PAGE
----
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Who are those bug hunters? Interview with Erik van Oosbree.

by Chris van 't Hof Blog 2 Jul 2021

In his quest of getting to know the hacking community, Chris van ‘t Hof decides to interview a number of hackers. The second bug hunter in this series is Erik van Oosbree.

Erik is pen tester and does bug hunting via Bugcrowd since 2013. Erik: “Bugcrowd emerged right around that time. After 20 reports I appeared in the top 100 of the ranking.” His name also appears in many Halls of Fame, amongst others of Gamma, Yahoo, Sony, Deutsche Telekom, Erasmus Universiteit, NCSC and dating site OkCupid. What’s driving him to do bug hunting? Erik: “It’s a perfect combination of freedom to do what you want and gain some money at the same time. When I started, I had no idea what I was capable of. Bug hunting offered me a playground to try things and to check out the possibilities. It helps you grow, by seeing a broader range of applications and testing them. At the time there were banks that started with responsible disclosure. That taught me a great deal.”

I know Erik from our own hacking competition Lord of the Things in 2017. He participated in a team of Leiden University where he studied forensic IT. Erik: “Back then, this was pretty unique as we had never participated in a hacking competition as a school. The other members of the team were further along in their studies and I was in second grade. I responded to a call out and we met for the first time at Hack Talk.” The team won a prize for the Most Techy Hack. What did they find? “We were working on a scenario going from one vulnerability to another. It started with a configuration screen that was publicly accessible. We visited that page via our own WiFi access point that had a piece of JAVA script as a name. That same code was being executed on the page. You could not take over someone’s session, but you could pretend to be someone else. For example for a fishing campaign.” It occurs to me that students with this educational background often win at hack events. What’s his explanation? “Forensic IT teaches you to analyze traces to find out how hackers get access to certain areas. That teaches you to do this yourself. Hâck the Hague 2018 was another occasion where Erik got an award: 2nd place for Most Sophisticated Hack. This time on his own account. Erik: “Yes, that discovery was a bit haywire. Within a subdomain of the municipality I was looking for a specific application which was known to be vulnerable and instead I ended up at a reservation system of a sports location. When I submitted that hack, it appeared to be of another municipality.” Nevertheless Erik got the award.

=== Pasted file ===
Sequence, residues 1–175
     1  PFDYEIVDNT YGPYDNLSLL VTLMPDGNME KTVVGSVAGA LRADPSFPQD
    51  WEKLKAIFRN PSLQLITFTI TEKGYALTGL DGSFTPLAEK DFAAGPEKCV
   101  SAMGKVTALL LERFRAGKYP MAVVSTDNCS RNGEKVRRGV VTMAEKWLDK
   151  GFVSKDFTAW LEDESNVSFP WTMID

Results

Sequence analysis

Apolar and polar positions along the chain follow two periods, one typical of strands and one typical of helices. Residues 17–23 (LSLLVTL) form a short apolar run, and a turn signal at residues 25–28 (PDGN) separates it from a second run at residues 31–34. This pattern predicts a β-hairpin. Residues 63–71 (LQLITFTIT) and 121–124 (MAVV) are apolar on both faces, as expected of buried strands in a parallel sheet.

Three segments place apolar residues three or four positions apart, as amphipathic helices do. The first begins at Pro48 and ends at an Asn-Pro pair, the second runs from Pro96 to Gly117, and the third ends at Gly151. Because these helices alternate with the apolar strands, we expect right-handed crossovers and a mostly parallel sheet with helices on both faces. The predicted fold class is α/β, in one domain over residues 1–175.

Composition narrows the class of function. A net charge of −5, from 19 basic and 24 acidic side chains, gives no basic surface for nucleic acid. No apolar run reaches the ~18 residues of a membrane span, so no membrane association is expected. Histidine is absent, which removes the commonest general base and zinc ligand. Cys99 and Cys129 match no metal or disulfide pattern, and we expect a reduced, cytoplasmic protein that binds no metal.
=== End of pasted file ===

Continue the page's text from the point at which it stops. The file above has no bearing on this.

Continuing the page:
At the secondary vocational training - Computer Networking and Security, he met Olivier Beg, who managed to secure a lot of bug bounties at a young age and is now Head of Research for Zerocopter. Erik: “Olivier and I were classmates and when he told me about hacking I was immediately interested. That was in 2012 which meant that I started at the age of 16. I must have seen all banks at the time, that’s also how I got my internship. Via a responsible disclosure I got a job in the Security Operations Center of ABN AMRO. I also discovered a leak in our online study environment. My teacher asked me to present what I found, which I did right there during class. Later I was called in for a chat with the program manager who had seen that I tried to break in… It was all very new at the time.”

What is it that he likes about hacking?

“You want to know how things work and want to show that something’s wrong. I like going to customers who give me access to their network and leave me to explore it. When I come across for example an open account, I take it from there. When I deliver my report at the end of the week, I can show them that I managed to get the highest security permissions within a day. I solely focus on security whilst they have to keep their company running. Security is not their highest priority. They have to release quickly which results in inaccuracies and errors. Or they outsource to a service organisation that uses their own company name as password. Nice and easy. Another tip for domain managers: please don’t put the password in the user manual. This still happens way too often.”

Source: “Cyberellende was nog nooit zo leuk” - Chris van ‘t Hof

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